The next day we mucked around in Dali old town, taking pictures of the lanterns and temples. We ate lunch at a little noodle place where the man actually made the noodles right in front of you by pulling and twisting some kind of pastry. The whole place felt a bit like a scene from Kung Fu Panda.

A trip into the Cangshang mountains

Backing right on to Matt and Lara's place are some great green mountains – the Cang Shang mountains, the highest of which is about 4100m! We packed lightly because we hoped to stay in guest houses along the way and Joe was sure we would be able to buy food as we went.

On the first day we climbed up a steep path, through a graveyard and then on up to the “Cloudpass Walkway”. This was a broad terraced and paved path winding around the steep mountainsides, with a clear view down to Dali and the Er Hai lake below.

A little shrine along the path

After a bit of exploration, locating some food and visiting a temple we climbed on up to the Higher Land Inn which Lara had recommended we stay in. We had a hilarious time with the innkeeper there, he spoke to us quickly in Chinese and then roared with friendly laughter when we stared blankly back at him.

A hairy critter I spotted along the way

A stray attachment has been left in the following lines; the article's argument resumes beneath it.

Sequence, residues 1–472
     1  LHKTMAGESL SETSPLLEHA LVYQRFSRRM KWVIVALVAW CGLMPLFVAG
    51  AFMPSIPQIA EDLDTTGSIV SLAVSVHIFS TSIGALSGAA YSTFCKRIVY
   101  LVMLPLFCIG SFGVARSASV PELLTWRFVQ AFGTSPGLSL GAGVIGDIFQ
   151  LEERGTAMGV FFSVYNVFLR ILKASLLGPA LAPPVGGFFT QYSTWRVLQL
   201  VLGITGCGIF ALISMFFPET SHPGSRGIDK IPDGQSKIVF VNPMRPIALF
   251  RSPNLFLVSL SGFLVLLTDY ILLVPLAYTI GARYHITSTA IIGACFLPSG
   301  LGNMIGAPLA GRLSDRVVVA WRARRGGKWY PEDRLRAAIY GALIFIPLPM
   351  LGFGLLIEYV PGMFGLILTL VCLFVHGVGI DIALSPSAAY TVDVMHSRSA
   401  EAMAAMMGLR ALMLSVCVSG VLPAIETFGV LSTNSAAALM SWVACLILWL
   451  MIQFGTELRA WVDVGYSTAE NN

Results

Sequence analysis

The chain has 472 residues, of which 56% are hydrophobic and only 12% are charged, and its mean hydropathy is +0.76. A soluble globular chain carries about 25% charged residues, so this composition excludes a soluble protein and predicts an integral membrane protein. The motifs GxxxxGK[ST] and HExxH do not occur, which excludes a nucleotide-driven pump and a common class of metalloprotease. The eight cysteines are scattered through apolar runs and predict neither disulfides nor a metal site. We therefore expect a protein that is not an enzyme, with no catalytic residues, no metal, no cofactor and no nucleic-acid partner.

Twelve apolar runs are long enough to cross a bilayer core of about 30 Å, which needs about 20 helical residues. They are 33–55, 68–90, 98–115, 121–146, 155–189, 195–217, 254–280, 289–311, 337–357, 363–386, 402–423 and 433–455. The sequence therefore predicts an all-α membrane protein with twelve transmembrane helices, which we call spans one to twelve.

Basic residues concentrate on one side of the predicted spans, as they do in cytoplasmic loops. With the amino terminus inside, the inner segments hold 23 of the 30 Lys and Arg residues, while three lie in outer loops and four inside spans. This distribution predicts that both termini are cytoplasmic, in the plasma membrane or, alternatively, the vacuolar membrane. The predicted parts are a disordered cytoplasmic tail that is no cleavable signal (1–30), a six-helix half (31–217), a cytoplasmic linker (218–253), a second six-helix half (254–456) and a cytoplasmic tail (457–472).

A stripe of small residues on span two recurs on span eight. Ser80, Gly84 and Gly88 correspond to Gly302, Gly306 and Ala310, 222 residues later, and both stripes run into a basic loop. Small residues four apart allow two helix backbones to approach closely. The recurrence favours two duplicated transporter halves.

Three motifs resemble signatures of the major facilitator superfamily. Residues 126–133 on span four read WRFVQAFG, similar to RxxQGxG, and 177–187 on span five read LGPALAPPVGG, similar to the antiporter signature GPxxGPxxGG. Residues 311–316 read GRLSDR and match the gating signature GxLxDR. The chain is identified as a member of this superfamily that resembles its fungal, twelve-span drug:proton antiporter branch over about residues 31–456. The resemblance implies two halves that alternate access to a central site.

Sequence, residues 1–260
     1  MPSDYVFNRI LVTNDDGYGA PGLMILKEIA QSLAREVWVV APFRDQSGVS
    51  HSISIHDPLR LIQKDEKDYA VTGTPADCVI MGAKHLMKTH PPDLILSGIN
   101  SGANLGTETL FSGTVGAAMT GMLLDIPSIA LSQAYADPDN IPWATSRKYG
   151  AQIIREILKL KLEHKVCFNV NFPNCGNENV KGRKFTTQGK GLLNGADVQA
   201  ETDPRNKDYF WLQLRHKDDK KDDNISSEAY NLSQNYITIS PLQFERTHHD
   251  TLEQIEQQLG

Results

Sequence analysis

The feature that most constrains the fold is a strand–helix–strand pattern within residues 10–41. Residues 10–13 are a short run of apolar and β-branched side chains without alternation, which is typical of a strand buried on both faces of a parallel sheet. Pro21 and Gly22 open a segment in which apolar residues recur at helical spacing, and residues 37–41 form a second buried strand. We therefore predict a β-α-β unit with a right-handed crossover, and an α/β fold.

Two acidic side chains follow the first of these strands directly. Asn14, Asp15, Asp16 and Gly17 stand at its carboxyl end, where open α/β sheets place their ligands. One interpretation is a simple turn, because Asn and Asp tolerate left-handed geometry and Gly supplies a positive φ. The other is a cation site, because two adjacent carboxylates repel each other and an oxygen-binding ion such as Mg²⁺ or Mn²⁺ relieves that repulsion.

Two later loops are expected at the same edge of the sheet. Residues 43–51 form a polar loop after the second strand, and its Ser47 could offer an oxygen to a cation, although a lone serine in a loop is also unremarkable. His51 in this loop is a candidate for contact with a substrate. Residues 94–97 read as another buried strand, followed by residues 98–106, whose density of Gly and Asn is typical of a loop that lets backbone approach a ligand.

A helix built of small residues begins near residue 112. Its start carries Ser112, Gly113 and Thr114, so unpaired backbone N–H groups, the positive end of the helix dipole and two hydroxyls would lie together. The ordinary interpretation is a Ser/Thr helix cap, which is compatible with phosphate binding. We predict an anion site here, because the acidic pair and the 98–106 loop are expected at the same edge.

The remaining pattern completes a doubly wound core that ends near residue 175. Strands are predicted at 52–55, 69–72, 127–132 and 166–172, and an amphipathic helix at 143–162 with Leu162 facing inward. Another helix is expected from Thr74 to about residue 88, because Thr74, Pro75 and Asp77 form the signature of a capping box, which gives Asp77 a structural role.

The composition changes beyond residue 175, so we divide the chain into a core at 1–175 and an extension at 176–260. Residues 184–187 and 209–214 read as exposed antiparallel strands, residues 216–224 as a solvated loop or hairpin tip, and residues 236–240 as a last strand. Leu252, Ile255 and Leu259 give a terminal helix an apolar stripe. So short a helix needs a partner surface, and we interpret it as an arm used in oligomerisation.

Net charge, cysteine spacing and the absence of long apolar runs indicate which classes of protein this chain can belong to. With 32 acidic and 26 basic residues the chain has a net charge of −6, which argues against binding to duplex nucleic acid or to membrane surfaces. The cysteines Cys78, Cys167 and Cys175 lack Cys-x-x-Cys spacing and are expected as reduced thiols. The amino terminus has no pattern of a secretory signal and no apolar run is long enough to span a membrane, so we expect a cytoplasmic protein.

Chris on the Cloudpass walkway
He cooked us a wonderful “Family Dinner” - curried eggplants, tofu, beans, rice, stir fried vegies. We enjoyed the evening talking to a couple of young French guys who were also staying over – while Chris went for a quick run all the way down to Dali and back again to get our tent (and for a bit of extra training).

Family dinner!

The following day we climbed up steeply following the path the innkeeper had directed us to. The trees became shorter and more stunted until we finally emerged into the sun to see blue sky above and clouds below.

Climbing up through the forest

We came to a huge construction site at the top of the (fortunately) incomplete gondola. Heaps of workers were building a big ugly plastic staircase up the mountainside. We wandered past them, wondering who could have seen this construction as a positive thing.

The crazy "plastic stairway"

By now the air was getting pretty thin and I was finding I got way more puffed than usual walking uphill. We reached the ridge, and then clambered along a fairly knife-edge but hand-hold-abundant ridge-line out to Mulong Peak (4100)! Cool! The wind had picked up now and was whipping up from one side of the ridge, and clouds and mists were constantly spilling over obscuring our view before suddenly revealing tantalizing glimpses down to the valley's below. It was an amazing ridge.